Thursday, January 21, 2016

Onegin and the Weight of Time Past

Tchaikovsky’s Eugene Onegin
Royal Opera House, London
January 2, 2015

The fleeting, haughty Onegin on the prowl.
Photo credit: Tristram Kenton/The Guardian
The fourth and final stop in our holiday season opera tourism circuit was London, to catch the great Dmitri Hvorostovsky as Eugene Onegin singing in his native Russian at the Royal Opera House. And while our favorite Siberian villain baritone was the decisive factor for this trip (even more so after seeing him in the very emotional Trovatore at the Met), we were positively surprised by the inventiveness of the direction as well as by the rest of the cast.

Tatyana in her reading room.
Photo credit: ROH
A co-production of the Royal Opera House, the Fondazione Teatro Regio di Torino and Opera Australia, this Onegin realized the directorial vision of ROH’s own Kasper Holten. It was one of the most clever and thought-provoking stagings I’ve seen. Holten’s Onegin emphasizes many of the core themes of the opera including reflections on the passage of time, the pervasive nature of nostalgia, and the inevitable consequences of one’s wrong choices. It was simple yet effective, intellectual yet very moving at the same time.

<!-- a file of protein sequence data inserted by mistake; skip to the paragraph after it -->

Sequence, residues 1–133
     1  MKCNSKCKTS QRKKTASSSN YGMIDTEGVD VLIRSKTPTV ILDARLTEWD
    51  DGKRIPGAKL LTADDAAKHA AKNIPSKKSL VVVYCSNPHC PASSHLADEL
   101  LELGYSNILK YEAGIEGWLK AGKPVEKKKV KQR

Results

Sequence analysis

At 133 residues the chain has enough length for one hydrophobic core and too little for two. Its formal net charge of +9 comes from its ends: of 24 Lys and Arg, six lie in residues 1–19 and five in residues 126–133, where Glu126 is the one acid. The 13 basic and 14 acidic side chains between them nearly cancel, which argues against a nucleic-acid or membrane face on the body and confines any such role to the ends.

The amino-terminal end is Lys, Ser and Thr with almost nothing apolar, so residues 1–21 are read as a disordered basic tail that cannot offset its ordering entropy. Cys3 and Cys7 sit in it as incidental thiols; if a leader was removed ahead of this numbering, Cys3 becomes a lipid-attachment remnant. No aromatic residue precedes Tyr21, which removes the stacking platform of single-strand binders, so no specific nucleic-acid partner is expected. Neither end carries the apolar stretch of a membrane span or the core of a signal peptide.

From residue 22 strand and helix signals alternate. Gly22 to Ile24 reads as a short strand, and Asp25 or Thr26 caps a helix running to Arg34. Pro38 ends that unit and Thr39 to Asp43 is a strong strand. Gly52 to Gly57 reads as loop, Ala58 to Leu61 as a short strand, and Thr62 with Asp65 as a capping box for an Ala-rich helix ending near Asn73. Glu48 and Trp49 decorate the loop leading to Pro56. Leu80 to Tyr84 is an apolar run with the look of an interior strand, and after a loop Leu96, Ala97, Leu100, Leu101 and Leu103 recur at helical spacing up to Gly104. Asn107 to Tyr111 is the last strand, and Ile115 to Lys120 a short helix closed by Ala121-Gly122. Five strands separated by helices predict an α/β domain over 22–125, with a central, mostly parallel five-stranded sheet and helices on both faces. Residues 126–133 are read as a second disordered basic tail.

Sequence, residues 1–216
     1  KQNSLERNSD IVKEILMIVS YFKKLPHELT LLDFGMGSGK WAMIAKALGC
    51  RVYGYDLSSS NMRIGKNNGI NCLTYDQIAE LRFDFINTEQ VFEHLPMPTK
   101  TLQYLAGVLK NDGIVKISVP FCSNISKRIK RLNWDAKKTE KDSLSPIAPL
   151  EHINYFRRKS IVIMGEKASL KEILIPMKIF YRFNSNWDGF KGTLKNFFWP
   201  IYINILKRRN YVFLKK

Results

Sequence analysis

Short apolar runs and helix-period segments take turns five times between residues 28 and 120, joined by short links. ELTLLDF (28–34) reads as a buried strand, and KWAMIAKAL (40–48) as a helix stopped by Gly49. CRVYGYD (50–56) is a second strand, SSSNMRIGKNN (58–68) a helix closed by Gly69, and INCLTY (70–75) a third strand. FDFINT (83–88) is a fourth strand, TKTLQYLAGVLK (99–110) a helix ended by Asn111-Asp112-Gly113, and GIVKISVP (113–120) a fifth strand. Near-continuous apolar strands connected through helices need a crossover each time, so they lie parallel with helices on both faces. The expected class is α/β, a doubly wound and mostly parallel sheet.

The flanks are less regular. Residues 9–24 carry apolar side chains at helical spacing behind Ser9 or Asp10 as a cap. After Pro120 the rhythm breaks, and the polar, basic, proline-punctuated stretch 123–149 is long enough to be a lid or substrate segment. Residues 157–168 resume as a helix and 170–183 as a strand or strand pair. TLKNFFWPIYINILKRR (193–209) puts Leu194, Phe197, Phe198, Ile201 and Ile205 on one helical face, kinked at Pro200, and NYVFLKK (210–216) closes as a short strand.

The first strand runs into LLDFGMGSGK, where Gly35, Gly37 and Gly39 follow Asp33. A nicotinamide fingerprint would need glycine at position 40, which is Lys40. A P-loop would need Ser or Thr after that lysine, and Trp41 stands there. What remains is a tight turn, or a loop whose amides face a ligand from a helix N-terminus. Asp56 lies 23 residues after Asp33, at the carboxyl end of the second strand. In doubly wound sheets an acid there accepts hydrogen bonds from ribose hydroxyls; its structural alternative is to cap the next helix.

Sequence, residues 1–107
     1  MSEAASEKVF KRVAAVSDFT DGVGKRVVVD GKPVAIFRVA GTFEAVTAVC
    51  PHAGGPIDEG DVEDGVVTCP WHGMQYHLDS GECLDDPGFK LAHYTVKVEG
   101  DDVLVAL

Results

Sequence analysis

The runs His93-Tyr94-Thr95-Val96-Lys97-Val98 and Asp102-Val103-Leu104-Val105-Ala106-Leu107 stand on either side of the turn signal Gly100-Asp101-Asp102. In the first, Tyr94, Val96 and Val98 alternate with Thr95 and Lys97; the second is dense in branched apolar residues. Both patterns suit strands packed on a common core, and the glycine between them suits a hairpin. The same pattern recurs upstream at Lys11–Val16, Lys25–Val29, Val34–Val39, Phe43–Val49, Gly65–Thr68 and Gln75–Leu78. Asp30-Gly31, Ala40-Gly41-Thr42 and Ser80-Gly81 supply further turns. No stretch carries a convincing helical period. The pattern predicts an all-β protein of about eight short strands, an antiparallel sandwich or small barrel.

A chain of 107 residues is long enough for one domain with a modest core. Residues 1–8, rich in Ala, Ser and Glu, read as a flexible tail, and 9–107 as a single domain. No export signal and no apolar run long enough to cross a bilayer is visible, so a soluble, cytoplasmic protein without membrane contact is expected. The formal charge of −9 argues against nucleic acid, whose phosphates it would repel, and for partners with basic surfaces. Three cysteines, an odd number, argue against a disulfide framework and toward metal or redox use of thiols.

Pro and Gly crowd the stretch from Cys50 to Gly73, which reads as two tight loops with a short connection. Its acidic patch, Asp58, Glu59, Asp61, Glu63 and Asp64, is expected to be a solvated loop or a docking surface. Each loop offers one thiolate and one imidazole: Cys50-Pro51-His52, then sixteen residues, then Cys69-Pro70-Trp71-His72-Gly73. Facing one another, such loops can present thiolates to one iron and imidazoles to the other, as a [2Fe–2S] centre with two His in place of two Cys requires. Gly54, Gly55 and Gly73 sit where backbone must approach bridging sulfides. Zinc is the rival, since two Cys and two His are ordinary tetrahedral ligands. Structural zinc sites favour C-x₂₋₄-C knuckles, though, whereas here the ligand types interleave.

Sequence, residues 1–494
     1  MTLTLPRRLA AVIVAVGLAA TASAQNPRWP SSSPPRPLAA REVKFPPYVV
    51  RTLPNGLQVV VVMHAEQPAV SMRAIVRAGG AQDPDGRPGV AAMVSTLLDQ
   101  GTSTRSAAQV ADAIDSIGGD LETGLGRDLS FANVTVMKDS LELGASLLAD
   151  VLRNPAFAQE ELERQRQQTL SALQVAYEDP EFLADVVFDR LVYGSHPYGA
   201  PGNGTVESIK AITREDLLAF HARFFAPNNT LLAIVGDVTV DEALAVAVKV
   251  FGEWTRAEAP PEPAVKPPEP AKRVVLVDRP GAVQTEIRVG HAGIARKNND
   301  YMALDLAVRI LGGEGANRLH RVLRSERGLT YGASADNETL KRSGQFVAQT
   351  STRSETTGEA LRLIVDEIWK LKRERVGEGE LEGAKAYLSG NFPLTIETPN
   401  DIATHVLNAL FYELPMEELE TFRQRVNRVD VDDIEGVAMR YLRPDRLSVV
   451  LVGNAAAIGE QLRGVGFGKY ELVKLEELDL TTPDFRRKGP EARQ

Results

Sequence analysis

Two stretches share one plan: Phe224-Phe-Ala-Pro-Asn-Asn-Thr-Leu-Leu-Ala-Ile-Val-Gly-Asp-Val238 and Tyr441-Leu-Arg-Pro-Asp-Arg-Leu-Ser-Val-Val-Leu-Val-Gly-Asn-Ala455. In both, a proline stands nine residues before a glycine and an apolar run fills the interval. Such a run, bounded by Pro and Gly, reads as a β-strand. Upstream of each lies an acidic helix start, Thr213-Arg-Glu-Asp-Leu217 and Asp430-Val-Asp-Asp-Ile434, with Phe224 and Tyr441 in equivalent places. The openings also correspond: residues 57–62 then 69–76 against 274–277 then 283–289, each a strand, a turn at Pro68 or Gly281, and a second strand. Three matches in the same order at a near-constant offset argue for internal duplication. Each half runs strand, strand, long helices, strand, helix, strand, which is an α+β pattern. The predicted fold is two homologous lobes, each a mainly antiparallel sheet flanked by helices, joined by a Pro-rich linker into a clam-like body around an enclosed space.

The fateful encounters of our youth.
Photo credit: ROH
The straightforward and very versatile sets consisted primarily of a grand partition with four floor-to-ceiling doors that could open up onto abstract projections of the countryside in fall, winter and spring as the scene required or else serve as an element in Prince Gremin’s palace in the final scenes. Recessed features in the great wall also housed bookcases. After all, books play an important role in Tatyana’s young life as a passionate reader, and will inform many of her actions.

While things start simple in this production, elements from one scene to the next begin to accumulate. Tatyana’s books begin strewn across the floor. The servants pick them up. She goes and scatters them all over the place again. And there they remain. As does the rest of the detritus from all intervening scenes, including bails of hay from the harvest, fallen tree branches, cabinet doors ripped from their hinges, even Lensky’s corpse – yes poor Michael Fabiano had to lie there motionless after his defeat in the duel for the last 45 minutes of the opera or so. Unfortunate soul!

Detritus of previous scenes clutter the foreground at the ball.
Photo credit: ROH